Gerald R. Fink

Gerald R. Fink

Margaret and Herman Sokol Professor; American Cancer Society Professor of Genetics; Member, Whitehead Institute

Gerald R. Fink investigates how fungal pathogens invade the body, evade the immune system, and establish an infection.

617-258-5215

Phone

WI-561F

Office

Beverly Dobson

Assistant

617-258-5214

Assistant Phone

Education

PhD 1965, Yale University

Research Summary

We study the molecules that allow fungi to penetrate tissues and grow in a hostile environment. Using genetics, biochemistry and genomics, we answer questions such as:  What makes Candida albicans such a successful pathogen?  How do fungal pathogens evolve antibiotic resistance? How do they manage to change their genetic composition so rapidly?

Awards

  • Killian Jr. Faculty Achievement Award, 2018
  • American Association for the Advancement of Science, Fellow, 2015
  • Gruber International Prize in Genetics, 2010
  • American Philosophical Society, 2003
  • Yeast Genetics and Molecular Biology – Lifetime Achievement Award, 2002
  • George W. Beadle Award, Genetics Society of America, 2001
  • Ellison Medical Foundation, Senior Scholar Award, 2001
  • National Academy of Medicine, 1996
  • Wilbur Lucius Cross Medal, Yale University, 1992
  • Emil Christian Hansen Foundation Award for Microbiology, Denmark, 1986
  • American Academy of Arts and Sciences, Fellow, 1984
  • Yale Science and Engineering Award, 1984
  • National Academy of Sciences, Member, 1981
  • National Academy of Sciences Award in Molecular Biology, 1981
  • John Simon Guggenheim Memorial Foundation, Guggenheim Fellowship, 1974

Key Publications

  1. Yeast: an experimental organism for 21st Century biology. Botstein, D, Fink, GR. 2011. Genetics 189, 695-704.
    doi: 10.1534/genetics.111.130765PMID:22084421
  2. Intragenic tandem repeats generate functional variability. Verstrepen, KJ, Jansen, A, Lewitter, F, Fink, GR. 2005. Nat. Genet. 37, 986-90.
    doi: 10.1038/ng1618PMID:16086015
  3. Unipolar cell divisions in the yeast S. cerevisiae lead to filamentous growth: regulation by starvation and RAS. Gimeno, CJ, Ljungdahl, PO, Styles, CA, Fink, GR. 1992. Cell 68, 1077-90.
    PMID:1547504
  4. Ty elements transpose through an RNA intermediate. Boeke, JD, Garfinkel, DJ, Styles, CA, Fink, GR. 1985. Cell 40, 491-500.
    PMID:2982495
  5. Transformation of yeast. Hinnen, A, Hicks, JB, Fink, GR. 1978. Proc. Natl. Acad. Sci. U.S.A. 75, 1929-33.
    PMID:347451
  6. Barbara McClintock (1902-1992). Fink, G.R. 1992. Nature 359, 272.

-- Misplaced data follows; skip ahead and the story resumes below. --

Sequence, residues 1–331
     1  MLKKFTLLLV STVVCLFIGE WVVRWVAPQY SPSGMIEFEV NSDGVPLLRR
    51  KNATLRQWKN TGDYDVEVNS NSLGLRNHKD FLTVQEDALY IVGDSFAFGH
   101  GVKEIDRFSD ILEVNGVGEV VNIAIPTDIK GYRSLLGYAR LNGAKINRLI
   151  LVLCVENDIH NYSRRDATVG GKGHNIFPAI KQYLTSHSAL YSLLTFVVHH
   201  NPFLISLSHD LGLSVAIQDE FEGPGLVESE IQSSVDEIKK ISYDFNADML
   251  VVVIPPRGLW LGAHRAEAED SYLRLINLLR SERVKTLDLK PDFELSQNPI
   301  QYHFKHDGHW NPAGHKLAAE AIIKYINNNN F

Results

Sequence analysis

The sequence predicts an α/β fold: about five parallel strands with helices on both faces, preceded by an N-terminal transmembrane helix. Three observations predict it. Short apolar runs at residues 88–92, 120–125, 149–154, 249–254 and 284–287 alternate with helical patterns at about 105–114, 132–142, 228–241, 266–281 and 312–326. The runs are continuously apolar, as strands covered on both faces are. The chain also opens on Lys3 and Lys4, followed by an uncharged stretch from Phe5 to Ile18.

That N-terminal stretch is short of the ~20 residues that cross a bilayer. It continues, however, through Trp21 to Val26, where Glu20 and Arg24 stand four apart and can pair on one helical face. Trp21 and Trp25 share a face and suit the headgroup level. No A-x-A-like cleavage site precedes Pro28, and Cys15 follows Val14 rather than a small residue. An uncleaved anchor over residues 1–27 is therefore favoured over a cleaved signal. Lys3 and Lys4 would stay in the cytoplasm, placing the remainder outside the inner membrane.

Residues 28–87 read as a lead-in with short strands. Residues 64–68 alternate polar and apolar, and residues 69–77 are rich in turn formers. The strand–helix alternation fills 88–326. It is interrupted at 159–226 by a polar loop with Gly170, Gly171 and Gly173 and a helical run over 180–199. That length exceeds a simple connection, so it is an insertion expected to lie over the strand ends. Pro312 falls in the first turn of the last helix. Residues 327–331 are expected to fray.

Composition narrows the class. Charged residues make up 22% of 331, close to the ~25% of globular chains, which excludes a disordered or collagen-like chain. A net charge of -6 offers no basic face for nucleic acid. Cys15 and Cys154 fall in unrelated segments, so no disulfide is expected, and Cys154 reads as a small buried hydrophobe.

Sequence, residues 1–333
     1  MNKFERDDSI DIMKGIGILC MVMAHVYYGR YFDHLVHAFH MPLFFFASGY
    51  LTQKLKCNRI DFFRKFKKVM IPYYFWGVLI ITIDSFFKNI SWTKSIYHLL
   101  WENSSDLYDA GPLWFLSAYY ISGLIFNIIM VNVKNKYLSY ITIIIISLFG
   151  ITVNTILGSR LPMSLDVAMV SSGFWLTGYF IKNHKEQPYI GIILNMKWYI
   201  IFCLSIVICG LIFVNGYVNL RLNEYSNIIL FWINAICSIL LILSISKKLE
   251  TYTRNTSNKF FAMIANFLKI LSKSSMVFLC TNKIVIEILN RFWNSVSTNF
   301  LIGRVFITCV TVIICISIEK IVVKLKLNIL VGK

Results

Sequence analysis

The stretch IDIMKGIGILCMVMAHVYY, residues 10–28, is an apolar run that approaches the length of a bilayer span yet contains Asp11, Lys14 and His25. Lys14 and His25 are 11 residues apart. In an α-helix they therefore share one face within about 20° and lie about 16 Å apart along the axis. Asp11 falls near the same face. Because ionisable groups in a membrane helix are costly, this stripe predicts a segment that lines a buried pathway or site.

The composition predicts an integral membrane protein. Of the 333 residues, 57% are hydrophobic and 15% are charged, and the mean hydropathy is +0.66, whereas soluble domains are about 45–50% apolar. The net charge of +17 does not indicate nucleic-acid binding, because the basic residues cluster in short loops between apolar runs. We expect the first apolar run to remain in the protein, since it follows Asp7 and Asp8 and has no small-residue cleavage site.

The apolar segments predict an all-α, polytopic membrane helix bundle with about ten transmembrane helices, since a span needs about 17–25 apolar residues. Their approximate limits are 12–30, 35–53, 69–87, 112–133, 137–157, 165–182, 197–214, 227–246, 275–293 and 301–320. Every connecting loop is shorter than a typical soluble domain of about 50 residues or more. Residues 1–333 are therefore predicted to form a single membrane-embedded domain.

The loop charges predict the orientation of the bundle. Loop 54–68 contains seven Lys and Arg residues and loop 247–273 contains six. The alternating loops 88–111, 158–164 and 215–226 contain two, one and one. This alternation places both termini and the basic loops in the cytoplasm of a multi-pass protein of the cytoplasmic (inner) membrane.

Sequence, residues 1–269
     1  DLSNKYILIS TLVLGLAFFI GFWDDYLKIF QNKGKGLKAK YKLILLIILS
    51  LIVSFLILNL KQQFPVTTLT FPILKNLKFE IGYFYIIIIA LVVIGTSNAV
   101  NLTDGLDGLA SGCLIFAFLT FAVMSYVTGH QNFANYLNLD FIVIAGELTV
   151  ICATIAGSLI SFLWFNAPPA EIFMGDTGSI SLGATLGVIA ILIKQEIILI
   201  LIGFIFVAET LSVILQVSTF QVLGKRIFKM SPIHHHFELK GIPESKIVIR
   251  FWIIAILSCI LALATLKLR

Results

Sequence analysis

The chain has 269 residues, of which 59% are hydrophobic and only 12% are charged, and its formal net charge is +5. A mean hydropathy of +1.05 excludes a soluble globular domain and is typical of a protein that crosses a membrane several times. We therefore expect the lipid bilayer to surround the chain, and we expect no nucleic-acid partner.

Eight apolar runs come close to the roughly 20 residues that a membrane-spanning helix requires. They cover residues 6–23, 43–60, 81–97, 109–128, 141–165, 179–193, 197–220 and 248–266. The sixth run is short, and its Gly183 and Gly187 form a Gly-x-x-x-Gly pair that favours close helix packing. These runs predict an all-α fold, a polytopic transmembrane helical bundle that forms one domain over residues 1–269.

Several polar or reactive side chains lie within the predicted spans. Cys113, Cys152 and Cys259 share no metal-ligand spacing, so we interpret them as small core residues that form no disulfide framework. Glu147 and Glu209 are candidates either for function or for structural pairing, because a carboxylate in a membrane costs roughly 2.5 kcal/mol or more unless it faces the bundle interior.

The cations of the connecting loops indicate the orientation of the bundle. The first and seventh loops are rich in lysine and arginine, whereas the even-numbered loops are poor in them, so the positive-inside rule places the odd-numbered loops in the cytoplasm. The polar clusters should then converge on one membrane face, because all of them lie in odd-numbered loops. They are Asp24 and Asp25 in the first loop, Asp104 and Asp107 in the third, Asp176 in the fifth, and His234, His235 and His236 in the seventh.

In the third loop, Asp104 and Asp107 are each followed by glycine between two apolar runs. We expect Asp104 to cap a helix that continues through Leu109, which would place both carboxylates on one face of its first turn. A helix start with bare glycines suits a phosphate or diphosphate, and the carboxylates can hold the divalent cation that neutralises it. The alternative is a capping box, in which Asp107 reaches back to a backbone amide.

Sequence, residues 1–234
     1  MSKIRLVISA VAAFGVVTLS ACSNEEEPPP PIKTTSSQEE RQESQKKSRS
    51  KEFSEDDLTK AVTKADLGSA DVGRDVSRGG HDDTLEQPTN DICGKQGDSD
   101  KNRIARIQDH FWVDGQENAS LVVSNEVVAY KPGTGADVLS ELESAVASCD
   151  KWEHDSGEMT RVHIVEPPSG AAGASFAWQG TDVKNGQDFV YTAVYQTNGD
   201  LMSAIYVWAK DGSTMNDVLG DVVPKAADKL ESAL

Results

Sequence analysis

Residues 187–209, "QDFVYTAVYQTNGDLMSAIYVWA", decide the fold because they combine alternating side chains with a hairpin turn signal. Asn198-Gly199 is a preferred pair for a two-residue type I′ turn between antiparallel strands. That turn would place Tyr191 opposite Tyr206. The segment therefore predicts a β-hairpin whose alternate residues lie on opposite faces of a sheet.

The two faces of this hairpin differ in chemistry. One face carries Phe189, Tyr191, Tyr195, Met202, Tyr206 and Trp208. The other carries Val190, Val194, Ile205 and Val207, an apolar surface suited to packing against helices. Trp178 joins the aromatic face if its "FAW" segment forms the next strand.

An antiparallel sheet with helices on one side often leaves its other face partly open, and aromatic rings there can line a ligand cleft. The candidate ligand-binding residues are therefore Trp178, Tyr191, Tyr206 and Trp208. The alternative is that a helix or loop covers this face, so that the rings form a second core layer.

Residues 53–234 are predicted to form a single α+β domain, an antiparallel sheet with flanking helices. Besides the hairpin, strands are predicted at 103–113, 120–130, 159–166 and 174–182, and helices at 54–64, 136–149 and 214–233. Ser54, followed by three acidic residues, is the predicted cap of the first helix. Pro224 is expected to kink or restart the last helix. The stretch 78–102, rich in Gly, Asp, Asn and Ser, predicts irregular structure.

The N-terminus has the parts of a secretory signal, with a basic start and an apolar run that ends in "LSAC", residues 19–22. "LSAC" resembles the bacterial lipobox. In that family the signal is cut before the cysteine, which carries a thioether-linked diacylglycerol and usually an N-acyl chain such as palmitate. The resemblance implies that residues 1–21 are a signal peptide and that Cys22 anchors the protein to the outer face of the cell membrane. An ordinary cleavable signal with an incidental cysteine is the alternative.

Recent Publications

  1. New CRISPR Mutagenesis Strategies Reveal Variation in Repair Mechanisms among Fungi. Vyas, VK, Bushkin, GG, Bernstein, DA, Getz, MA, Sewastianik, M, Barrasa, MI, Bartel, DP, Fink, GR. 2018. mSphere 3, .
    doi: 10.1128/mSphere.00154-18PMID:29695624
  2. A Candida albicans CRISPR system permits genetic engineering of essential genes and gene families. Vyas, VK, Barrasa, MI, Fink, GR. Sci Adv 1, e1500248.
    doi: 10.1126/sciadv.1500248PMID:25977940
  3. Interactions between chromosomal and nonchromosomal elements reveal missing heritability. Edwards, MD, Symbor-Nagrabska, A, Dollard, L, Gifford, DK, Fink, GR. 2014. Proc. Natl. Acad. Sci. U.S.A. 111, 7719-22.
    doi: 10.1073/pnas.1407126111PMID:24825890
  4. Genetic variation in Saccharomyces cerevisiae: circuit diversification in a signal transduction network. Chin, BL, Ryan, O, Lewitter, F, Boone, C, Fink, GR. 2012. Genetics 192, 1523-32.
    doi: 10.1534/genetics.112.145573PMID:23051644
  5. Control of transcription by cell size. Wu, CY, Rolfe, PA, Gifford, DK, Fink, GR. 2010. PLoS Biol. 8, e1000523.
    doi: 10.1371/journal.pbio.1000523PMID:21072241
  6. Feed-forward regulation of a cell fate determinant by an RNA-binding protein generates asymmetry in yeast. Wolf, JJ, Dowell, RD, Mahony, S, Rabani, M, Gifford, DK, Fink, GR. 2010. Genetics 185, 513-22.
    doi: 10.1534/genetics.110.113944PMID:20382833
  7. Getting along with a little help from my friends. Fink, GR. 2009. J. Biol. Chem. 284, 23885-90.
    doi: 10.1074/jbc.X109.029389PMID:19515841
  8. Phagocytosis by human neutrophils is stimulated by a unique fungal cell wall component. Rubin-Bejerano, I, Abeijon, C, Magnelli, P, Grisafi, P, Fink, GR. 2007. Cell Host Microbe 2, 55-67.
    doi: 10.1016/j.chom.2007.06.002PMID:18005717
  9. Antisense transcription controls cell fate in Saccharomyces cerevisiae. Hongay, CF, Grisafi, PL, Galitski, T, Fink, GR. 2006. Cell 127, 735-45.
    doi: 10.1016/j.cell.2006.09.038PMID:17110333
  10. Intragenic tandem repeats generate functional variability. Verstrepen, KJ, Jansen, A, Lewitter, F, Fink, GR. 2005. Nat. Genet. 37, 986-90.
    doi: 10.1038/ng1618PMID:16086015
More Publications

Multimedia

Photo credit: Gretchen Ertl/Whitehead Institute